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Abstract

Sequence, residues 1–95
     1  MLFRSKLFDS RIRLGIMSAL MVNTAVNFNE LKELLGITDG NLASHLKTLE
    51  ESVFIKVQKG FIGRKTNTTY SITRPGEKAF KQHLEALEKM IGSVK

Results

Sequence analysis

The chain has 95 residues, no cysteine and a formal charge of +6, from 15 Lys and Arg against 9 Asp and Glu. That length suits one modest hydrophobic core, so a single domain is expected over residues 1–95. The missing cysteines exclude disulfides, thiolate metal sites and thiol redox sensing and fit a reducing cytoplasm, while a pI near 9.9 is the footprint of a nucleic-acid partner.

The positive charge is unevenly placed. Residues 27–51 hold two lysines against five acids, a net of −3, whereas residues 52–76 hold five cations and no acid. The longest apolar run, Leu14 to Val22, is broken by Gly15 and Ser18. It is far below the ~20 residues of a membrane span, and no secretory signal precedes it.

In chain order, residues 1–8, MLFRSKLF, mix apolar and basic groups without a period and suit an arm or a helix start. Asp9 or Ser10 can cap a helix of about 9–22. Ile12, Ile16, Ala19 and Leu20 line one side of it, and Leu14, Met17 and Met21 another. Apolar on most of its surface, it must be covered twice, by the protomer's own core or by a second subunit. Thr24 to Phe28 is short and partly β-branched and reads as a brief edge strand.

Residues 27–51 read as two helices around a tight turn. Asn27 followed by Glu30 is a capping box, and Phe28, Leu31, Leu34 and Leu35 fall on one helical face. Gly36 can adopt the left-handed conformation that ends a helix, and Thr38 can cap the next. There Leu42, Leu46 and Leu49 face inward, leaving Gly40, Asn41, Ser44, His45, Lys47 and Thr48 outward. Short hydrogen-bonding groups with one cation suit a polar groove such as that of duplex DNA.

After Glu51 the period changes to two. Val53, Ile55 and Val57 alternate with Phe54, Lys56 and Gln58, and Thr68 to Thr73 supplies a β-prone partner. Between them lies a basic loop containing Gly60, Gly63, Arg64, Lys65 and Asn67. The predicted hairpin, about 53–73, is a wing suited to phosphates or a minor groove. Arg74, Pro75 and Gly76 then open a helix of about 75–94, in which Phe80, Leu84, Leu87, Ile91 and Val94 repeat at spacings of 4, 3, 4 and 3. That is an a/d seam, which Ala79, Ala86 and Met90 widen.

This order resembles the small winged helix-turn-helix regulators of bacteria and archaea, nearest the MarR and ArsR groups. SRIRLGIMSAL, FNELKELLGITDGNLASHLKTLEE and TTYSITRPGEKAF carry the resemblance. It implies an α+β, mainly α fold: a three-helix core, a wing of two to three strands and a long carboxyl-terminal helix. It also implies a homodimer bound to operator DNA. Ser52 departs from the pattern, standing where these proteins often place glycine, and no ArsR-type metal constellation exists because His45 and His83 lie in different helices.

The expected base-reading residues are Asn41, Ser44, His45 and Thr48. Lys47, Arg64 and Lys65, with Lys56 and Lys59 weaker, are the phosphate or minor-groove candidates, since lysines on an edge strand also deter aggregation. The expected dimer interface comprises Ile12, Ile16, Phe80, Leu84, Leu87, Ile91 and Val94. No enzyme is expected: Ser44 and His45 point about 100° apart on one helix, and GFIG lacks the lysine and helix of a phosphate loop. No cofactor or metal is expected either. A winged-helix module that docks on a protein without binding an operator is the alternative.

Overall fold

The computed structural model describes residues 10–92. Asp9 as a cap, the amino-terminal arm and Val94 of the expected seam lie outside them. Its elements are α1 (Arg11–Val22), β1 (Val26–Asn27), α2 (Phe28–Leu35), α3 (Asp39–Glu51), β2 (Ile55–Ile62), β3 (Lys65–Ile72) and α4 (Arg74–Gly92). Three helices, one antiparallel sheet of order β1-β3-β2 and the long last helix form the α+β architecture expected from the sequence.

This Article will both (1) explore a subset of violent student speech cases that could rightly be considered under Hazelwood if only the student expression bore the sign of official school sponsorship and (2) argue for the creation of a new standard based on Hazelwood to govern non-sponsored curricular speech. Furthermore, this new standard would operate much like the current Hazelwood analysis with one key distinction: where student speech is curricular and non-sponsored in nature, the only options available to school administrators would be those representing pedagogical counter-speech. Punitive discipline, such as the suspension seen in Cuff, would not be allowed under this new standard because it represents a corruption of the education process and a fundamental unfairness to students whose only transgression was to simply turn in an assignment or otherwise attempt to further their education.

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